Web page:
Diagnosis- (after Gao and Liu, 2005) small; mandible ends posterior to snout tip; anterior dentary has ventral crest; less than twenty caudal vertebrae; forelimb/hindlimb ratio 0.82; developed deltopectoral crest; metacarpus not fused; gracile hindlimb; pedal digit I reversed.
Comments- This specimen has a skull similar to Jixiangornis and Shenzhouraptor, a long tail, and a forelimb similar to confuciusornithids. O'Connor et al. (2012) state it has been tampered with, leading O'Connor and Zhou (2013) to exclude it from their analysis. It is here considered a probable chimaera, pending further study.
References- Gao and Liu, 2005. A new avian taxon from Lower Cretaceous Jiufotang Formation of western Liaoning. Global Geology. 24(4), 313-316. (in Chinese).
O'Connor, Sun, Xu, Wang and Zhou, 2012. A new species of Jeholornis with complete caudal integument. Historical Biology. 24(1), 29-41.
O'Connor and Zhou, 2013. A redescription of Chaoyangia beishanensis (Aves) and a comprehensive phylogeny of Mesozoic birds. Journal of Systematic Palaeontology. 11(7), 889-906.

undescribed ornithurine (Sanz, Chiappe, Fernadez-Jalvo, Ortega, Sanchez-Chillon, Poyato-Ariza and Perez-Moreno, 2001)
Late Barremian, Early Cretaceous
Calizas de La Huerguina Formation, Spain

Material- (LH 11386 bird 4) (juvenile) femur, tibia, metatarsal I, phalanx I-1, pedal ungual I, metatarsus, phalanx III-3, phalanx IV-3
Comments- This specimen is one of the two most fragmentary of four juvenile birds found associated in a theropod or pterosaur pellet. It was only identified as a bird by Sanz et al. (2001), and is the specimen on the left which is colored black in their illustration. The curved metatarsal I and elongate digit I are similar to ornithurines (sensu Gauthier), but its relationships cannot be determined further without better description or illustration.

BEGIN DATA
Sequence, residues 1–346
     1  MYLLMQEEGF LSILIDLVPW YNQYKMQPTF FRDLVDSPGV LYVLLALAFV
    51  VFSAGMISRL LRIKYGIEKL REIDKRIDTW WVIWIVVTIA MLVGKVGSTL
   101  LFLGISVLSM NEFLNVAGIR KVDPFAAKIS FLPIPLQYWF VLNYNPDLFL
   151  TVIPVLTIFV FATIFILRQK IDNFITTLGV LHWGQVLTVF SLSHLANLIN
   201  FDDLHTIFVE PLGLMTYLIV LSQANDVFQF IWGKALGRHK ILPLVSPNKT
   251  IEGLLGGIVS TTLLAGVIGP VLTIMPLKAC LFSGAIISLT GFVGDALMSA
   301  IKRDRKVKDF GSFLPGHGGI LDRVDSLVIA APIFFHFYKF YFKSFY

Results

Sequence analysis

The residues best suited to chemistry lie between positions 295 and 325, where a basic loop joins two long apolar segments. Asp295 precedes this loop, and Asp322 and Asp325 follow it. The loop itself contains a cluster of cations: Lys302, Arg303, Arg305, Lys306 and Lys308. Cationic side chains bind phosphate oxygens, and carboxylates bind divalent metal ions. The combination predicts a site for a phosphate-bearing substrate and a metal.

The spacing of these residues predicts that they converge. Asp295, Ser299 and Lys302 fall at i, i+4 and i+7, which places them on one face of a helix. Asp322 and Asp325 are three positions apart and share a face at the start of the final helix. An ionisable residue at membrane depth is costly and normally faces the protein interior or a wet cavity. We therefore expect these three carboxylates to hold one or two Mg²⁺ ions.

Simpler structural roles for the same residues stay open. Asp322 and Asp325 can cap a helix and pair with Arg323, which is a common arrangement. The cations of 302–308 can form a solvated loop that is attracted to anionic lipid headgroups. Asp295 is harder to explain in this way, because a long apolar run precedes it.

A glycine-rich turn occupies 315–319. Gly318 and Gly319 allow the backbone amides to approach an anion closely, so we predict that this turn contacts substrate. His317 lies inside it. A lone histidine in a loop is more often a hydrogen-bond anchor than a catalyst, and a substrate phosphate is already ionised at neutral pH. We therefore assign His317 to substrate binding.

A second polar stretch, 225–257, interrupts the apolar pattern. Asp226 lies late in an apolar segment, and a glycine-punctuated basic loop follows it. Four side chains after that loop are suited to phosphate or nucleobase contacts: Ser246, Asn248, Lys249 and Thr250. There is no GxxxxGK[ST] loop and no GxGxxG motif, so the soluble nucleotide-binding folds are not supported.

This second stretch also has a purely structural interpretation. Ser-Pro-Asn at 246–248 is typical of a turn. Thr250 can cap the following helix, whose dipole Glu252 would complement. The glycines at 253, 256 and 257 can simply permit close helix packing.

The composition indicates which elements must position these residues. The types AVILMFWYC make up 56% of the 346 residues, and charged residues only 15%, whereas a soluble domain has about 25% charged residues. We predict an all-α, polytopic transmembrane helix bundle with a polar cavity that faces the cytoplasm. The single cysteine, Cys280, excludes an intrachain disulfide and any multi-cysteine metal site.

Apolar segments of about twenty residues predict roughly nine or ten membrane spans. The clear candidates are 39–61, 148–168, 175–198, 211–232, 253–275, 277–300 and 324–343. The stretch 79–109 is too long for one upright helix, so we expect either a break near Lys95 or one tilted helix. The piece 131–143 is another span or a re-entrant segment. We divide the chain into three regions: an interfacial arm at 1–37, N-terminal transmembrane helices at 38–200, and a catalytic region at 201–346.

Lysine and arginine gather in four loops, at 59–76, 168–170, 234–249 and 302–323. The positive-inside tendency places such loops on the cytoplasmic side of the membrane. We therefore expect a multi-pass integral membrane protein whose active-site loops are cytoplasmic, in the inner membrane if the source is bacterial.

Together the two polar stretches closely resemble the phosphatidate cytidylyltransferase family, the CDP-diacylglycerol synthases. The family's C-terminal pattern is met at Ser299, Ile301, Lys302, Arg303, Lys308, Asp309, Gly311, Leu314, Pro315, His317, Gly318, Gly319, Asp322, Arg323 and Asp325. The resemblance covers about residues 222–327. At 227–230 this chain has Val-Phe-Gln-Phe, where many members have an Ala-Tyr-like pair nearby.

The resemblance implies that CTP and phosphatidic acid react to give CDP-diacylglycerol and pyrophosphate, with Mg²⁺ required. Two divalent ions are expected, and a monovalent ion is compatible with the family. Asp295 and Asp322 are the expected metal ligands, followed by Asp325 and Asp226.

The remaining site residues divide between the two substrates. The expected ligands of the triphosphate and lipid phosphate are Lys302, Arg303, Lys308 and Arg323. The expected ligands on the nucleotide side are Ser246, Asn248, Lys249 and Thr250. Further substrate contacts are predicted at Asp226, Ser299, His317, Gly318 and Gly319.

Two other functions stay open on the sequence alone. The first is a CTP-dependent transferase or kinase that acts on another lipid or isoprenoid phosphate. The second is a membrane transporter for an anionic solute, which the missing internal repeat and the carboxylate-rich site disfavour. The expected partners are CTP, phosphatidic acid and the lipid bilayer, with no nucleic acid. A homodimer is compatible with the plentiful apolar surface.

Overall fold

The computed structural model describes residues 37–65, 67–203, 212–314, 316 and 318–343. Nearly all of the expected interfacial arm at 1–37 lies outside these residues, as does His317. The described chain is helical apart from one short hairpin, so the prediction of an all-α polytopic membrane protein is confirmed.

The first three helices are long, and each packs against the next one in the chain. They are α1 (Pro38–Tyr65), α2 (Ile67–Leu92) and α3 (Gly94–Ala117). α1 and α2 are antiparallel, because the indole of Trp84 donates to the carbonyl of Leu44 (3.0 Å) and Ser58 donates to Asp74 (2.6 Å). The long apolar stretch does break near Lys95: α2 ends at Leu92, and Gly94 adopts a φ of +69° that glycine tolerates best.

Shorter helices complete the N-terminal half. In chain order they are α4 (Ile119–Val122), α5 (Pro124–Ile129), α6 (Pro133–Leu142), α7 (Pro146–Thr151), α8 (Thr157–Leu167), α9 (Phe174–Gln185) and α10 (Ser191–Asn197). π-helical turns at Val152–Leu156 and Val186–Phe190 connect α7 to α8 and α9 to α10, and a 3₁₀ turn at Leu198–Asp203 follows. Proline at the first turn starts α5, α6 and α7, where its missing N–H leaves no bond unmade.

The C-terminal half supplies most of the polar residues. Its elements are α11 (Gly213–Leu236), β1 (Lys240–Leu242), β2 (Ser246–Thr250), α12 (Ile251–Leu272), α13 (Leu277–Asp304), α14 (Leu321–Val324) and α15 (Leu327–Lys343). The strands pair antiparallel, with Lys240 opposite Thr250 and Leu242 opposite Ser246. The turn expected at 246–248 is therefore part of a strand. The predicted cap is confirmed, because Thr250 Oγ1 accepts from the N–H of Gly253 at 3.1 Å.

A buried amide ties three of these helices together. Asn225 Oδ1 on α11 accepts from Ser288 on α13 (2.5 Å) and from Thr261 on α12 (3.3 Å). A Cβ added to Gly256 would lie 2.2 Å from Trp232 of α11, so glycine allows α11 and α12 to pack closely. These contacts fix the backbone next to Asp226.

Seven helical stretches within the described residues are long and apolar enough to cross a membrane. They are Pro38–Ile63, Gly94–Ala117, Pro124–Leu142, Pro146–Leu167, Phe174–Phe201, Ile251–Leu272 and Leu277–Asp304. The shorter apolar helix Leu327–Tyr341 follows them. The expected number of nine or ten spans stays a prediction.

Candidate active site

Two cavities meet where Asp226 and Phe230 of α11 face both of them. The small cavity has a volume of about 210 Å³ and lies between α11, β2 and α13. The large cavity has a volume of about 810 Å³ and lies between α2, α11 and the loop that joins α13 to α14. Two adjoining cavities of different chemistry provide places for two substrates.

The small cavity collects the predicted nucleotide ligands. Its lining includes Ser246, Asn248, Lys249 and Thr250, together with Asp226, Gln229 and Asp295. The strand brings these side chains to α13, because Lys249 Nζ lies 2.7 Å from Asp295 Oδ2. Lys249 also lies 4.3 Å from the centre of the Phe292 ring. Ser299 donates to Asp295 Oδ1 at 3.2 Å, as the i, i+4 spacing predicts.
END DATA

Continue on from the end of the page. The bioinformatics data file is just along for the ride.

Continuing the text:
Reference- Sanz, Chiappe, Fernadez-Jalvo, Ortega, Sanchez-Chillon, Poyato-Ariza and Perez-Moreno, 2001. An Early Cretaceous pellet. Nature. 409, 998-999.

undescribed Ornithurae (Zheng, Wang, O'Connor and Zhou, 2012)
Barremian-Albian, Early Cretaceous
Jehol Group, Liaoning, China
Material
- (STM 2-16) specimen including sternum (Zheng, Wang, O'Connor and Zhou, 2012)
(STM 2-39) specimen including sternum (Zheng, Wang, O'Connor and Zhou, 2012)
Comments- These are probably either Shenzhouraptor or Jixiangornis, but lack published provenence or anatomical data which could determine which genus they belong to.
References- Zheng, Wang, O'Connor and Zhou, 2012. Insight into the early evolution of the avian sternum from juvenile enantiornithines. Nature Communications. 3, 1116.

Jeholornithiformes Zhou and Zhang, 2006
Jeholornithidae Zhou and Zhang, 2006
Diagnosis- (Jeholornis prima + Jeholornis palmapenis + Jeholornis curvipes) (Lefevre et al., 2014)
Comments- Zhou and Zhang erected both of these taxa to include only Shenzhouraptor (which they viewed as a synonym of Jeholornis, in addition to Jixiangornis). If Jixiangornis, Dalianraptor or another taxon is found to be more closely related to Shenzhouraptor than to Aves, then they may become useful. Lefevre et al. (2014) provided a definition that ironically assures this family to be identical to or within Jeholornis unless a species is misidentified. As I believe curvipes to be Jixiangornis, the family could be far more inclusive if that genus is closer to Aves than Shenzhouraptor. Thus the definition is flawed and should be stem-based in relation to Jeholornis prima.
Reference- Zhou and Zhang, 2006. Mesozoic birds of China- A synoptic review. Vertebrata PalAsiatica. 44(1), 74-98.
Lefevre, Hu, Escuillie, Dyke and Godefroit, 2014. A new long-tailed basal bird from the Lower Cretaceous of North-eastern China. Biological Journal of the Linnean Society. 113, 790-804.
Shenzhouraptor Ji, Ji, You, Zhang, Yuan, Ji, Li and Li, 2002
= Jeholornis Zhou and Zhang, 2002
S. sinensis Ji, Ji, You, Zhang, Yuan, Ji, Li and Li, 2002
= Jeholornis prima Zhou and Zhang, 2002
= Jeholornis "palmapenis" O'Connor, Sun, Xu, Wang and Zhou, online 2011
= Jeholornis palmapenis O'Connor, Sun, Xu, Wang and Zhou, 2012
Early Albian, Early Cretaceous
Jiufotang Formation, Liaoning, China